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FPIs' shift from equities to debt hits Indian bonds

July 31, 2019 14:27 IST

Indian bonds remained volatile over the past week on uncertainties over the maiden offshore sovereign bonds issuance, according to a report by DBS Group Research. 

India's benchmark 10-year bond yield fell below 6.40 per cent last week after Finance Minister Nirmala Sitharaman assured that the offshore bond issuance plan was on track, it noted. 

The Reserve Bank of India board will meet on August 16 to discuss the issuance. 

Foreign portfolio investors have shifted from equities to debt this month. FPIs turned net sellers in equities for the first time since January, according to the report. 

Tax proposals outlined in the Budget, including higher tax incidence on FPIs and high net worth individuals, in addition to levy on buybacks, punctured some of the optimism in the equity markets, it added. 


Investors have moved to debt; net inflows amounted to USD 1.3 billion as of July 1-29. 

"Sentiment was helped by renewed rate cut expectations; we look for a 25bps cut at the August review," said the research report. 

Global cues are under watch. The US Federal Reserve is widely expected to deliver a 25 bps rate cut on July 31.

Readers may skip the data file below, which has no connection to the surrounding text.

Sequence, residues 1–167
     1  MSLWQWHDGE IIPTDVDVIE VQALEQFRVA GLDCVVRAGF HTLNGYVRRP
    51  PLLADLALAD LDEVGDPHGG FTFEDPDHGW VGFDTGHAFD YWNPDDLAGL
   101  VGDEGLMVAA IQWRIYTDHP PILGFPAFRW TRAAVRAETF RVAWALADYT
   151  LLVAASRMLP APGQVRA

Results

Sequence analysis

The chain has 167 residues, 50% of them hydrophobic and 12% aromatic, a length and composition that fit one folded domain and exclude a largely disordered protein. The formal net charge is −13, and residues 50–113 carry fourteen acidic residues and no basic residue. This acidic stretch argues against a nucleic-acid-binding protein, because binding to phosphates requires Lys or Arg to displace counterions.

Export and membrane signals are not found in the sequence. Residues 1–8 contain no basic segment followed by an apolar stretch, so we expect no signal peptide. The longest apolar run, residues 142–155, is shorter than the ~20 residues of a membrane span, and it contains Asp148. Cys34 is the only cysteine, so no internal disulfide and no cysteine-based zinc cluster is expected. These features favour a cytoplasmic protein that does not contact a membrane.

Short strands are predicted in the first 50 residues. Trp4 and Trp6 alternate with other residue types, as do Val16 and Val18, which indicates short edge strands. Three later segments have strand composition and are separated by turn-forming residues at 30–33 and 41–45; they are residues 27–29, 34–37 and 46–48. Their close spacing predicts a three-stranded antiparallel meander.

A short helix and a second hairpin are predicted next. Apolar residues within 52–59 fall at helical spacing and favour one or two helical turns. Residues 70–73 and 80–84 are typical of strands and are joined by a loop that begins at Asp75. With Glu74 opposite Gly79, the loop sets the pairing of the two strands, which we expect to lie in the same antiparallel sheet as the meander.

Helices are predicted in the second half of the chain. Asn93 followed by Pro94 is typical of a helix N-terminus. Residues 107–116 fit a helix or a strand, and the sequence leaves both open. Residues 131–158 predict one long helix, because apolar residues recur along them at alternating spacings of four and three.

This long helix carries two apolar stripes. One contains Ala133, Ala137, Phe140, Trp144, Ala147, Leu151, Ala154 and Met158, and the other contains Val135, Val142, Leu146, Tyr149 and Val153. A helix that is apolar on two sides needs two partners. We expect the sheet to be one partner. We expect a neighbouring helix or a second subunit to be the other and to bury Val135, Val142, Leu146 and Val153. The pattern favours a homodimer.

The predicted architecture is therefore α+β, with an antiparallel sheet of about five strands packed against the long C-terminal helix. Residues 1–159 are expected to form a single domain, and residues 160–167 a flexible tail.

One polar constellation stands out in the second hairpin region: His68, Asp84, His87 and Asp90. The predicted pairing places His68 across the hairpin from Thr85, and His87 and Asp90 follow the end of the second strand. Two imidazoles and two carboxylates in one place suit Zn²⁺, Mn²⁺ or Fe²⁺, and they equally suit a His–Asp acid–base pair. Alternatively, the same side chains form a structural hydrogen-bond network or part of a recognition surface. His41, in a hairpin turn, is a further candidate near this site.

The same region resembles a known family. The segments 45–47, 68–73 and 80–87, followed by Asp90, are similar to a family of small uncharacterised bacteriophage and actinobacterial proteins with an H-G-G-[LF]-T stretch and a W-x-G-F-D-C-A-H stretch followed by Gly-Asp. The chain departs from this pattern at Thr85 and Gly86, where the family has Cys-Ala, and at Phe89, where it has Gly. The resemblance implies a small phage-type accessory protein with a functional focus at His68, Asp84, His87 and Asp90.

"With global yields staying low, we expect 10Y INR bond yields to be in the 6.30-6.45 per cent range ahead of the early August policy meeting, and the 2Y yield rooted just above 6.0-6.1 per cent," the DBS report said. 

Cash conditions are in surplus of Rs 1 trillion and are likely to stay so ahead of the advance tax payments. 

Liquidity crunch pushed the country's largest public sector bank to trim their fixed deposit rates across different tenors, which could stoke expectations for a cut in lending rates down the line. 

On the downside, this will do little to lift deposits, which have consistently lagged credit growth this year, underpinning the loan-deposit ratio, the report noted. 

Separately, the RBI relaxed restrictions on external commercial borrowings (ECBs) for corporates and non-bank entities to provide more leeway on the end-use of such funds. 

With banks turning cautious on particular sectors domestically and the latter facing stickier borrowing costs, relaxation on offshore loans are timely, DBS said in the report.

Gurdip Singh in Singapore
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